The Botanical Garden thrills the hearts of plant lovers and is popular both among nature fans and those who simply want to unwind in a peaceful setting. Visitors will encounter a wide variety of plants from all around the world, including medicinal herbs, numerous native species, and a large number of exotic flowers, bushes and trees, so you can take a whirlwind trip around the globe, if you wish. The collection’s main focus is on Alpine plants and steppes.
At the Botanical Garden, you can travel around the world in an afternoon, at least from a botanical point of view, from the steamy tropics, over the central-Asian steppes, through the aromatic Mediterranean region and shady jungles of east Asia, and all the way back to the cool Alpine breezes.
More than 5,500 types of plants from all over the world are on display on the slopes beside the Aare river near Altenberg. While walking through the centerpiece of the garden, the Alpinum, which covers the Pyrenees, Alps, Balkans, Caucasus, Himalayas and Rocky Mountains, you will discover over 1,500 plant species along the path.
If you take the small trails that lead through the lush growth in the Alpinum, you will also find yourself on an interesting journey through native vegetation. You will encounter diverse Swiss flora, for example, discover rare species and feel that you have been transported to an idyllic mountain setting.
A visit to Bern’s Botanical Garden is worthwhile for all plant lovers and those who want to become one and is also a great destination for families, romantically inclined couples and wanderlust-stricken souls.
Six greenhouses are open to the public and are home to plants from different climate zones, divided into regions and plant species. In addition to the Mediterranean and steppe regions, orchids, palm trees, ferns and succulents each have their own building. In the steamy Palm House, you can experience a vibrant rain forest with all your senses. With a little luck, a practiced eye will be able to spot beautifully colored butterflies or ripening pineapples.
After your little botanical world trip over hill and dale and plants, why not end things off with a colorful salad or tasty soup in the cozy Café Fleuri? The charming café is open from April until October. In the idyllic café-restaurant, surrounded by lush green plants, you can enjoy a “Fleuri breakfast”, take a well-deserved break at noon, or chat with friends over a beer after work. If you are not as weatherproof as you think, don’t worry. You will be served in the Succulent House as soon as any rain threatens.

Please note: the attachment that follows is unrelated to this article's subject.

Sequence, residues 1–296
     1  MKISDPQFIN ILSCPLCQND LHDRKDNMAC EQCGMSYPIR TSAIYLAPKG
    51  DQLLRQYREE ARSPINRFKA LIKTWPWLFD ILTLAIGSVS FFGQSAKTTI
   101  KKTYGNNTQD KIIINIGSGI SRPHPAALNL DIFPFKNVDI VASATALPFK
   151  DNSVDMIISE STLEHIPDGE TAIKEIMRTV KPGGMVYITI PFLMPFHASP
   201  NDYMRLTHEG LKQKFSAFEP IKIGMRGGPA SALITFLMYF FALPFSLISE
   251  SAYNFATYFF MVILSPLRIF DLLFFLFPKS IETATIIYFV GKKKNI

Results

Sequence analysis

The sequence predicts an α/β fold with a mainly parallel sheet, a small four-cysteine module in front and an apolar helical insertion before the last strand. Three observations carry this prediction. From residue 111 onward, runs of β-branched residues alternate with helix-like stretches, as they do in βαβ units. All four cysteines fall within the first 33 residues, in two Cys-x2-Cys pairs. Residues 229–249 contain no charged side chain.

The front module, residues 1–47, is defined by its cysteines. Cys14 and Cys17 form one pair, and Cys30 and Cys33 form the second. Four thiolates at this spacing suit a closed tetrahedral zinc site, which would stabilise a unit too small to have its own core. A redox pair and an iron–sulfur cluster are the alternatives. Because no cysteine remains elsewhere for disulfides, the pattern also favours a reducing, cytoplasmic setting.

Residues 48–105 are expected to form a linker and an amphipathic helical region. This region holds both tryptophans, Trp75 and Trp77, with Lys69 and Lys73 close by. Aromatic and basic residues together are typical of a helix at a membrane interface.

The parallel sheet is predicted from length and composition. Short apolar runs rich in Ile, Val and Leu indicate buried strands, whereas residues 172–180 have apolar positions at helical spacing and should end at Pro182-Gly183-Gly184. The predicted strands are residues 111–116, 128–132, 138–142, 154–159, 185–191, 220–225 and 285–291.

More about Café Fleuri
Asian Year at the Botanical Garden: Something New from the Far East
During the previous season, the newly designed “Asia” garden section was meticulously created behind the three large greenhouses, in the eastern section of the Botanical Garden. This garden section features a multifaceted collection of hardy plant species from the Far East. The motto for the Botanical Garden in 2019 is “Something New from the Far East”. Things will kick off during the Museum Night at the Botanical Garden.
Throughout the entire year, the public tours from Aquilegia will feature an “Asia and Far East” theme, and visitors will be led through the new garden section with the usual expertise and introduced to highlights from the new and expanded plant collection.
In May and June, experts will lecture on botanical idiosyncrasies, current research projects, and both known and unknown links between Asia and local Swiss biodiversity. The presentations will be held outdoors, and you can finish off the evening at Café Fleuri.
During summer weeks in July and the beginning of August, the Asian focus will shift from research to cuisine. There will be many things to discover and sample together with Café Fleuri and a lineup of invited guests: sake tastings, tea ceremonies, spring-roll workshops and much more.
There is also an enchanting Asian garden for the younger Botanical Garden visitors, “Asian Plant Treasures”.
Education, Culture and Entertainment Among the Plants
If you think that you would be able to hear the grass grow at night in the greenhouses at the Botanical Garden, you would be wrong. There is often a wide array of events hosted on the unique green premises after official opening hours have ended.
Lovers of culture, music and literature will find a veritable Eden here, with the popular Museum Night, numerous public tours focused on medicinal herbs, deadly poisonous plants, and the truly astounding interactions between plants and habitats, lectures and presentations by experts on biodiversity and its impact on humans, concerts during the Advent season, kids’ programs, themed days for young and old (24-Hour Biodiversity, “Bamboo, Rice and Chinese Lanterns”) and the summer poetry nights enhancing the already diverse event schedule at the Botanical Garden.
You can find more art and culture highlights here.
The BOGA is open 365 days a year. Admission is free.
Greenhouses 8:00 a.m.–5:00 p.m. Gardens October–February 8:00 a.m.–5:00 p.m.
March–September 8:00 a.m.–5:30 p.m
Café Fleuri May–September 9:30 a.m.–5:30 p.m.
April and October only when the weather is nice
Detailed program can be found at: www.botanischergarten.ch (in German only).